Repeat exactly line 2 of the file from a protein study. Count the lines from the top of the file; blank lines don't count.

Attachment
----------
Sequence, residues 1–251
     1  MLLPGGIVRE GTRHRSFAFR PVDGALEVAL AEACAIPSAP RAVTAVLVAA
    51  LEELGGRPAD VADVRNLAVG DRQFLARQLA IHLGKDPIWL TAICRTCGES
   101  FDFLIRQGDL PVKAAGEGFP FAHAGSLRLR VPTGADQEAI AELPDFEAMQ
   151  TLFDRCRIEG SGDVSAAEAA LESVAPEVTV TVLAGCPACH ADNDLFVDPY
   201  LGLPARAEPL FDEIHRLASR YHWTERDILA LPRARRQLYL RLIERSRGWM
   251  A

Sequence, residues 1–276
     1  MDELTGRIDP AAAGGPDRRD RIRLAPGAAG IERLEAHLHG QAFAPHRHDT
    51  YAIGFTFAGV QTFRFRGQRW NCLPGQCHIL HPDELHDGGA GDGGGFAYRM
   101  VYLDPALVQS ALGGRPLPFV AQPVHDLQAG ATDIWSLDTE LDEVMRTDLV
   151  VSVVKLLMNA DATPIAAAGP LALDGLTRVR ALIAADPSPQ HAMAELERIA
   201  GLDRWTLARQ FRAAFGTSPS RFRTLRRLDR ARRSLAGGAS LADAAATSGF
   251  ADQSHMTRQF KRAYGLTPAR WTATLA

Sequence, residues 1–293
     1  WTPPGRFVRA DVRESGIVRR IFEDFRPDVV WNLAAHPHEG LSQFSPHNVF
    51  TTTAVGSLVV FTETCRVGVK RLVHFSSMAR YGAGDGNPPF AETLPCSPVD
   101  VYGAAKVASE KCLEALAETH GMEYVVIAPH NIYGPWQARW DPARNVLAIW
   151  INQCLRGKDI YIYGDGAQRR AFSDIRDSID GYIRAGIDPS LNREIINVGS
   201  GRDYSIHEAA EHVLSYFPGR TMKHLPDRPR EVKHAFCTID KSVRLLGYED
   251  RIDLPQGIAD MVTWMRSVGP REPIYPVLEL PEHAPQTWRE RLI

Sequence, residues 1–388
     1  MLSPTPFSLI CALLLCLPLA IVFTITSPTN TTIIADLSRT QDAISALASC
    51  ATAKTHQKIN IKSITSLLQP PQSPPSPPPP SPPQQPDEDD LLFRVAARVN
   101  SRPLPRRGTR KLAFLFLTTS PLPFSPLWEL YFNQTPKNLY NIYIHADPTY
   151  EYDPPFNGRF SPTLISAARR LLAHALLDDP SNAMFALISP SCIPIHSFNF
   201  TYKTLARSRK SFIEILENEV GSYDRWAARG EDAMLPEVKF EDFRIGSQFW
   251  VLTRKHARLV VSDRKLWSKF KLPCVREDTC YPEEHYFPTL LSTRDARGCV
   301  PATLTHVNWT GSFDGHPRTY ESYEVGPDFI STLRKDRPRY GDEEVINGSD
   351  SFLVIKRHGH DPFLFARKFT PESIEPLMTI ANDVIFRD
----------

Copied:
     1  MLLPGGIVRE GTRHRSFAFR PVDGALEVAL AEACAIPSAP RAVTAVLVAA